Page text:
"To fix this problem we need to end the harmful corporate obsession with maximizing shareholder returns at all costs, which has sucked trillions of dollars away from workers and necessary long-term investments," said Senator Warren."

                    Sounds like a euphemistic way of saying "plunder" to me.

                    Please explain how that is saying "plunder" because I don't see it. What I see is a statement about how corporations are prioritizing shareholder returns over workers and long-term investments. It is implied that this is a bad thing for the future of our capitalist system, but nowhere does it say anything that would imply plundering, which is stealing.

              2. Castlepaloma profile image75
                Castlepalomaposted 5 years agoin reply to this


          2. Ken Burgess profile image77
            Ken Burgessposted 5 years agoin reply to this

            That is part of the problem isn't it.

            When more and more of the population expect/demand that their government supply them with food, housing, medical care, schooling...

            It appears the beliefs of progressing generations are shifting further and further from a 'earn what you have' merit system, to a 'its my right to have everything given to me' without effort system... which of course isn't economically maintainable for any meaningful length of time.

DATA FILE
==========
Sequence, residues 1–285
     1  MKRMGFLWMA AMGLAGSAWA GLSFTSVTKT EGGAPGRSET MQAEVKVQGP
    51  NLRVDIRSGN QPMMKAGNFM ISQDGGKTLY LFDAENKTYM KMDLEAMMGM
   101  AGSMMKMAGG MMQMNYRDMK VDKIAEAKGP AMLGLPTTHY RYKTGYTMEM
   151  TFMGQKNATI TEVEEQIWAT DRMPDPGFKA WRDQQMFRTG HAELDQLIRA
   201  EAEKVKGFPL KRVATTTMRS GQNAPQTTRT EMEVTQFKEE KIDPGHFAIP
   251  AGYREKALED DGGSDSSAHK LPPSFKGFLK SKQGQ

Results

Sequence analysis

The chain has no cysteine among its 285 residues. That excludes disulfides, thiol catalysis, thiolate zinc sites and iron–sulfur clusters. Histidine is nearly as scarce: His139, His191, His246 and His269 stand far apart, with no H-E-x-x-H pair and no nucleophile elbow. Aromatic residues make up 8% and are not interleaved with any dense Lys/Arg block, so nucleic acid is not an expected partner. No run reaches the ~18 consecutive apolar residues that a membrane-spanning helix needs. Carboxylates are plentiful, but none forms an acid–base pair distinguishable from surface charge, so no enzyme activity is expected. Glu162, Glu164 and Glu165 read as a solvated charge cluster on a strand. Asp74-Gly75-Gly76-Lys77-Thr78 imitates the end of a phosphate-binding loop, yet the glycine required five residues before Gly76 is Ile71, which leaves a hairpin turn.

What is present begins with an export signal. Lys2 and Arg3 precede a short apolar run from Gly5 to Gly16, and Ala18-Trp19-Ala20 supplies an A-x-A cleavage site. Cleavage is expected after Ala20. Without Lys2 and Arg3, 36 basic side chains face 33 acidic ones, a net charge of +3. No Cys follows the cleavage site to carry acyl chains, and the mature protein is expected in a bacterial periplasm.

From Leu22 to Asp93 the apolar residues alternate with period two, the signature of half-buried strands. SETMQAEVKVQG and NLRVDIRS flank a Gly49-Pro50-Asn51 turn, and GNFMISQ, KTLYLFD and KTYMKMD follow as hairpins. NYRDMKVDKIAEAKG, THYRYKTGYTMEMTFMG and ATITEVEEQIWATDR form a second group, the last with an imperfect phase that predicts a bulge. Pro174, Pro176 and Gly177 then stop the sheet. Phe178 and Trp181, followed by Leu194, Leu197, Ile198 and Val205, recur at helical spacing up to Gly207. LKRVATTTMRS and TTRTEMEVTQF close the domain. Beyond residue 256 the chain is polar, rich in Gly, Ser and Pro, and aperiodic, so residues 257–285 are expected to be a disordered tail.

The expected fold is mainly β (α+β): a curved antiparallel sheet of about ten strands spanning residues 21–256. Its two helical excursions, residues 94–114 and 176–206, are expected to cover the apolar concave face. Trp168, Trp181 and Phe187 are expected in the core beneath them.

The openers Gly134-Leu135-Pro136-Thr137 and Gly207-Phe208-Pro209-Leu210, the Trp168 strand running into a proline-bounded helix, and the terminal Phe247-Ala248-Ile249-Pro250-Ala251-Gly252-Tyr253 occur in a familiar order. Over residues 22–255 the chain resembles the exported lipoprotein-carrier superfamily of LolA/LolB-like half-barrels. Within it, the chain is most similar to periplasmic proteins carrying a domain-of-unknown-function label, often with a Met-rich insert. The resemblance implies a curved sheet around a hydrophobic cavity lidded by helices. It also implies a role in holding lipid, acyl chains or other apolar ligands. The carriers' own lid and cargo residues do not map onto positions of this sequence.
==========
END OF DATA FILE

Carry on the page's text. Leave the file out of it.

I would say in general we are far richer across the board, I grew up in a house with one color tv, my kids grow up in  a house with 3 color tvs, 4 computers, 4 cell phones and multiple other devices (IE - Nintendo, Ipad, etc.).

            But 'richer' is relative...

            I grew up in a home where a parent was always there.  My kids grow up in a home where both parents now work.  I grew up in a neighborhood where people knew me, my parents, where I was relatively safe to go anywhere, and my cousins, uncles & aunts, grandparents were close... this generation is scattered across the country and its not so safe to be wandering around anymore.

            I also know that healthcare insurance was far more affordable back then and covered nearly everything, if you had a good plan your deductible was almost nothing (in comparison to today).

            New vehicles did not cost nearly as much as a home/dwelling, today they do.  I just bought a townhouse for what some people pay for a new pickup truck.

            There is more 'wealth' out there in the world... and there are far more dollars than there ever was, the banks keep churning out new money... but I am not sure we are better off, even if we have more things.

            1. gmwilliams profile image83
              gmwilliamsposted 5 years agoin reply to this